Monday, March 06, 2006

The strait gate

Enter ye in at the strait gate: for wide is the gate, and broad is the way, that leadeth to destruction, and many there be which go in thereat: Because strait is the gate, and narrow is the way, which leadeth unto life, and few there be that find it.

--Matthew 7


This passage was the topic du jour at my Sunday school class yesterday. So I drew a graphic like this on the white board:

I love the double meaning of the word pronounced /strāt/. It’s both “straight” as in not crooked, and “strait” as in hard to get through. Think: the Straits of Magellan. I think both definitions have meaning here.

It’s occurring to me that the strait path looks long. We have to be consistent and unidirectional to really do it right. But it’s an optical illusion. On the other path, the wide path, each particular wandering is short. It’s like we’re saying, “Oh, I’ll try this! Or I’ll try this!” (We were thinking about things like smoking or drugs or sex or whatever in our Sunday school class.) And we wander about from thing to thing. But each leg of that wandering, while short in itself, adds up to a much longer path to the good stuff. Not to mention a great deal of confusion.

The path to goodness may be shorter, but it is also both difficult and direct. So we talked about what makes it so difficult. We thought about the unselfishness required, the spiritual understanding, the willingness. But then we came up with one thing that really stalls a lot of us out: self-awareness.

The strait path requires us to recognize and face up to our faults as we go. The wide path allows us to skirt our faults and delay growth.

I know that facing up to my faults is generally unpleasant, because they do indeed seem to be mine. After all, I’ve been the one acting them out and indulging in them. I even have the impression sometimes that I’m the source of evil, that I myself somehow have power to conduct and perpetrate bad. This sympathy with evil and taking it on as a part of myself makes it difficult to face, because there’s always an element of either self-justification or self-condemnation associated with it.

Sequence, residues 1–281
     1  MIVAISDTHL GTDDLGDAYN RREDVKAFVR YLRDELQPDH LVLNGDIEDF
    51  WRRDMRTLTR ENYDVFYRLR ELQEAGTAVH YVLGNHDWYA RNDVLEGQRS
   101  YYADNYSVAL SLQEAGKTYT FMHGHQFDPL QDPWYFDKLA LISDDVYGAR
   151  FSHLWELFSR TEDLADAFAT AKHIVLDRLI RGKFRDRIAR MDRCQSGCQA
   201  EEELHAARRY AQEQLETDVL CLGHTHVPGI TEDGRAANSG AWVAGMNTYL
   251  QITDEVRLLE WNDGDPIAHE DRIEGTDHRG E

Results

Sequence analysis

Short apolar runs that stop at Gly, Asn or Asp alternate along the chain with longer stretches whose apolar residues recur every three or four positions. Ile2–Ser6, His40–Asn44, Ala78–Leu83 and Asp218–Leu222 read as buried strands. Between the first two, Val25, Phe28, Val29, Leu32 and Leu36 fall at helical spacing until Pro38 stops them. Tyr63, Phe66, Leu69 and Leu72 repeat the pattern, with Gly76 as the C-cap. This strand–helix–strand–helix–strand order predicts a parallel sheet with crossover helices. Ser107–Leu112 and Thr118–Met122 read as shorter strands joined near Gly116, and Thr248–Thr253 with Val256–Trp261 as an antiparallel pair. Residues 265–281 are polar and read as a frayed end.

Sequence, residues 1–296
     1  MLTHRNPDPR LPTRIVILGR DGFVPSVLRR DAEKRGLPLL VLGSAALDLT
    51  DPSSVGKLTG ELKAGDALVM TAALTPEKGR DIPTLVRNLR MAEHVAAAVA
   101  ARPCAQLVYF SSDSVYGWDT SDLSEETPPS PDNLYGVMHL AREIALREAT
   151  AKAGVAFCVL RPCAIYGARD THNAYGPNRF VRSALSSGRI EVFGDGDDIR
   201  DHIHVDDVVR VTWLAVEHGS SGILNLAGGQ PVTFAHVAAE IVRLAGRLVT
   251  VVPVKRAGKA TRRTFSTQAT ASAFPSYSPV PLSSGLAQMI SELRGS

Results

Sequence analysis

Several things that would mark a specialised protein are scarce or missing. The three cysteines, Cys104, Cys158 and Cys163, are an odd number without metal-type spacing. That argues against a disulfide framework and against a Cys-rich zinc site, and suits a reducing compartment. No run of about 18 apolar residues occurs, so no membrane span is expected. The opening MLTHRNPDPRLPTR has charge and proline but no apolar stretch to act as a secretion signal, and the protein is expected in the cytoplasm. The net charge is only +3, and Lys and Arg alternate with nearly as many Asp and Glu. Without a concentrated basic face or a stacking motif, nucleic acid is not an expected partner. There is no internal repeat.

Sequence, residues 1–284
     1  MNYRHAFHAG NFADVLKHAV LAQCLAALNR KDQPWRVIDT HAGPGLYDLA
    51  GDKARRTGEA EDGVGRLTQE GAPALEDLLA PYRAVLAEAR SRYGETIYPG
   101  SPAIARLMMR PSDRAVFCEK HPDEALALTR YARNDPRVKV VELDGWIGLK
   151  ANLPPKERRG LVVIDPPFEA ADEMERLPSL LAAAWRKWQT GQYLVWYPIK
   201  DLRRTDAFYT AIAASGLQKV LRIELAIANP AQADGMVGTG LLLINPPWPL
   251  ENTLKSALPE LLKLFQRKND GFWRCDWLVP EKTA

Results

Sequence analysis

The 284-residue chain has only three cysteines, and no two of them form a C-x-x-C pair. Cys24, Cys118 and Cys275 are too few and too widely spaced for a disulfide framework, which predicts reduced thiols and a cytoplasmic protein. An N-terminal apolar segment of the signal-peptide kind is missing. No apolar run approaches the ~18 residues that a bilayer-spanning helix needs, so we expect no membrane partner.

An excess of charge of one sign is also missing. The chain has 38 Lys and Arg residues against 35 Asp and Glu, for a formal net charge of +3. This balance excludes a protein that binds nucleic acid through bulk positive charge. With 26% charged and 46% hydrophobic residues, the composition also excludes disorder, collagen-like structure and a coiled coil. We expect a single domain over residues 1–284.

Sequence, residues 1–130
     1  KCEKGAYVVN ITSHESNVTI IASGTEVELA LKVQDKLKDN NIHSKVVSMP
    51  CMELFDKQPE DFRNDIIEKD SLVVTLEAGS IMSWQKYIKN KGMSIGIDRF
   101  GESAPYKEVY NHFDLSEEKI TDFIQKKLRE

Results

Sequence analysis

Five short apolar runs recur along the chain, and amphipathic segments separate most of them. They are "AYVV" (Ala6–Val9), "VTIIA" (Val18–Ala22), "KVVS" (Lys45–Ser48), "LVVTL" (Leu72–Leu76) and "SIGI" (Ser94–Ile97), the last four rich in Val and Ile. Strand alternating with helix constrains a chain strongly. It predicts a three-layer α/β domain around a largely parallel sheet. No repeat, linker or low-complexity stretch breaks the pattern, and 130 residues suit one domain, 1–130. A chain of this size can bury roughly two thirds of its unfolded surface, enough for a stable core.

It’s when I come to the realization that everything I thought was me was really ignorance that I can face it. When I realize I didn’t know any better, but now I do so I can move on. I can release it and see that it was never really me to begin with. It had always been a muddy overlay, like a spattered cellophane wrapper, that had never been a part of me. I can peel it off and step out of it.

Okay, but still, this is hard. It’s hard to systematically face our cellophane faults because we hate to admit we were taken in in the first place. But we’ve *got* to. It’s critical to moving forward, or you might say upward, on the path. Otherwise, we’re just bumbling around, delaying upward movement, and getting further entrenched in the mud.

Divine Love didn’t create *any* faults. Peeling them off, one by one, and destroying them allows us to emerge from our cellophane cocoons into the light of joy and life. And then we find, we have wings.


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1 Comments:

At 3/07/2006 09:00:00 AM, Anonymous Marc said...

Hi Laura

One of the ways I have found that is helpful is to write down blockc or "faults" or negative thoughts on a list even commenting on them as to how I feel and then taking that list and throwing it away as a way of trying to let go of them so that a new path can be cleared.

Marc

 

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